Snacking and Socialization: A Successful Formula for Serving Customers in 2023

Posted in Desserts on March 30, 2023

On-premise activity-based dining options are predicted to be one of this year’s top culinary trends—and snack-focused, potentially shareable menu items could be the star attraction on their menu.1

brittani-burns-MdN5h3QCiTw-unsplashIn tandem with a mounting interest in experiences—which more than three-quarters of U.S. millennials and 76% of consumers globally prefer to possessions—after social distancing and sheltering in place in recent years, a number are eager to spend time outside of their home or office.2,3

As a result, eateries that offer engaging elements, sometimes referred to as eatertainment or third place venues, can hold considerable appeal. The concept isn’t new; the game-centric Dave & Buster’s chain, for example, has been in business since 1982.

In the decades since, consumers’ affection for eatertainment options has continued to grow. In 2019, nearly a third (29%) of Americans said they preferred going to a bar or club that offered food, drinks and an activity—a potentially profitable combination. Twenty-one percent said they’d spend more at that type of venue than at a traditional restaurant or bar.4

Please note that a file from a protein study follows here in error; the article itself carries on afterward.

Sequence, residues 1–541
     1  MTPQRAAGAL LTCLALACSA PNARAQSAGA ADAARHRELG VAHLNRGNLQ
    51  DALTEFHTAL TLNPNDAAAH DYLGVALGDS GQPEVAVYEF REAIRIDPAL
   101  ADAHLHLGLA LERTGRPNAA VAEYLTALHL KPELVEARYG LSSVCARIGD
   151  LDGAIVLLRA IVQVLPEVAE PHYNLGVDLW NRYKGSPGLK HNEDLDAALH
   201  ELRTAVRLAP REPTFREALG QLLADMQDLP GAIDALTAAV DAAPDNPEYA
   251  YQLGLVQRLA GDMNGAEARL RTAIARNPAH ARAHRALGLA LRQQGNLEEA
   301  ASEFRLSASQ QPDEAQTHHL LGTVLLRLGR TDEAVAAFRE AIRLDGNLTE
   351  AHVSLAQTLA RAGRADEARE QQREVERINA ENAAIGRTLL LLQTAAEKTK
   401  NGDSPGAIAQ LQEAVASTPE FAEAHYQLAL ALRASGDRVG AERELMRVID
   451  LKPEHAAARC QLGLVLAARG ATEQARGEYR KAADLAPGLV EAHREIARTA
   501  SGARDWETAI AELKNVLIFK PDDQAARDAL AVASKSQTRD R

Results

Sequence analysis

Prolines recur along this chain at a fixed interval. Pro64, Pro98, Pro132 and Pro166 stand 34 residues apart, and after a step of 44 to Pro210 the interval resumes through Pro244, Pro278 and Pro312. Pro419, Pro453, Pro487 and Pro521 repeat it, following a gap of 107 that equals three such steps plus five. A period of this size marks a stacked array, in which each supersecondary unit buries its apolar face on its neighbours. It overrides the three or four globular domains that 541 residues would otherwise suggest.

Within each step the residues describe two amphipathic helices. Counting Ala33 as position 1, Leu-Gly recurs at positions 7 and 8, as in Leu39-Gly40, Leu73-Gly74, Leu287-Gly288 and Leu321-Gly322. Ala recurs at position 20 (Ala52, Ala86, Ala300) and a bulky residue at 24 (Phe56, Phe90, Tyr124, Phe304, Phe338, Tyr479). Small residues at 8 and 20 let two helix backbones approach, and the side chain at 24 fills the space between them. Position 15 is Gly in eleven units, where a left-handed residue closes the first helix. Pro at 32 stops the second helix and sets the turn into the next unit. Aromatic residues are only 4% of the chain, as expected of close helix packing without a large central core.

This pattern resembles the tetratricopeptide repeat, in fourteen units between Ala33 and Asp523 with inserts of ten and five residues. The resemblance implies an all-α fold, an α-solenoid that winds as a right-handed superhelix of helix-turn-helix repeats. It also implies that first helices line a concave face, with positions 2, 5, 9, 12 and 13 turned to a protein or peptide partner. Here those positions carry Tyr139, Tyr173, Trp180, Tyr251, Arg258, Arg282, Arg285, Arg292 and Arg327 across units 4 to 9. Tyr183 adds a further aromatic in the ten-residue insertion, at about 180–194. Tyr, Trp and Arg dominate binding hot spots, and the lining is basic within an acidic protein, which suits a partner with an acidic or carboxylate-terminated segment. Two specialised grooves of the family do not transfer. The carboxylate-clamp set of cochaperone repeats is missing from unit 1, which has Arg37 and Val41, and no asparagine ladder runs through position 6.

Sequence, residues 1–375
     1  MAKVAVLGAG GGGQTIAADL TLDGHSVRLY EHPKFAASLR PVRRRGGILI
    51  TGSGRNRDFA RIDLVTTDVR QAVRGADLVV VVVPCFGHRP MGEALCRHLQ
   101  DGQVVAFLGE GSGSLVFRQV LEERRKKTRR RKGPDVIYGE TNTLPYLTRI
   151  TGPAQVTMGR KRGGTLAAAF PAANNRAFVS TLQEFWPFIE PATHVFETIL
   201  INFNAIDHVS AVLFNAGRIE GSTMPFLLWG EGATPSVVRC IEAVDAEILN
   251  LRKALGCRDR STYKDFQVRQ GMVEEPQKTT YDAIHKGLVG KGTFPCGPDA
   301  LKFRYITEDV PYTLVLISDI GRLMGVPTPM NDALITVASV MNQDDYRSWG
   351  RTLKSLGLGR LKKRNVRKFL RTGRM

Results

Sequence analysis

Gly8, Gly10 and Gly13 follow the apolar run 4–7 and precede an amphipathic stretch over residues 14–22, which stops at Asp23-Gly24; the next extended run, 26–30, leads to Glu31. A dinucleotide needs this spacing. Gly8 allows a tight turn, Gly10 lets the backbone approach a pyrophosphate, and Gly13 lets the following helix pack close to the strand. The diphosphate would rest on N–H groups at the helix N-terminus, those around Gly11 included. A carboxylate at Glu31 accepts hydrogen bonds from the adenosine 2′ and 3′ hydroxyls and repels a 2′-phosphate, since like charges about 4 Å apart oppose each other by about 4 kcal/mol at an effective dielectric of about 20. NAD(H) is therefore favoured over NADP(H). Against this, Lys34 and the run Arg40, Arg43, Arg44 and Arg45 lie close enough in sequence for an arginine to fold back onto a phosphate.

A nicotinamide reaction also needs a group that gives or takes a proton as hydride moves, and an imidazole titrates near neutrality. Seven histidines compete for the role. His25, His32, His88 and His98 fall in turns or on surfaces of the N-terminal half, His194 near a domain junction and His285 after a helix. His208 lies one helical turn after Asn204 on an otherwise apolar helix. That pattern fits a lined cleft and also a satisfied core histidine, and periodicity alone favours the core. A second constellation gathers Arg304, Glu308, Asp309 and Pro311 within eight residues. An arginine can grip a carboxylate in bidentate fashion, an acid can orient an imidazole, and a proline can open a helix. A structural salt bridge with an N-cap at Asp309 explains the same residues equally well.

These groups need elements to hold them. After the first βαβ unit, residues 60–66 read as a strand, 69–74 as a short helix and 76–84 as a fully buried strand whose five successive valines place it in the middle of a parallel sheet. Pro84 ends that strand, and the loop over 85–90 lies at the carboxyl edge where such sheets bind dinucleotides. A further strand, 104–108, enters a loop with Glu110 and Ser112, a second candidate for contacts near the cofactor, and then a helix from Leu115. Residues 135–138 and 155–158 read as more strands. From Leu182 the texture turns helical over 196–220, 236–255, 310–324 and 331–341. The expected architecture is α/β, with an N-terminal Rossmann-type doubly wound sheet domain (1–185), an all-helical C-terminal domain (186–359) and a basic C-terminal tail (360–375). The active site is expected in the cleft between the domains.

A More Active Meal

Approximately 82% of consumers, to date, have been to an eatertainment venue; 50% say they’re very interested in revisiting the experience.5,6

In the past few years, eatertainment options have expanded to include a number of unique pastimes, such as pickleball, painting and axe throwing. Some contain several activity options. At the 44-location Main Event chain, for instance, guests can partake in laser tag, bowling or virtual reality.

Hobbies and games, though, are just part of the allure. While 14% of U.S. consumers rank the availability of activities other than drinking as the main reason they chose to go to a certain bar or club, quality food is the deciding factor for twice as many (28%).4

Menu planning, consequently, is often a key consideration for eatertainment venues. Nearly a third of consumers—32%—say new and better food options would prompt them to visit eatertainment venues more often.6

Some offer chef-driven menus—such as the 75-location Topgolf, which pairs its tech-based golfing with area specialties and beers. Instead of typical bar or baseball stadium food, the test menu for Texas’ Home Run Dugout, a batting experience that’s scheduled to open in spring, featured upscale eats like fried chicken sliders and brisket flatbread.

At venues where people will be stepping up to the plate or testing their swing at varied times, operators may benefit from serving appetizers and small plate selections that are quicker to consume than a full meal. Items like these Fried Cheese Patties, Chicken Pot Pie Bites and Fish Tacos made with RITZ Crackers can easily be eaten between turns and shared among multiple guests.

Diverging from Traditional Dayparts

A number of consumers could be driven to dine out to connect with other people, given that only 35% now are in an office or other workplace daily, and 1 in 5 who work from home at least part time say they miss seeing co-workers and socializing.5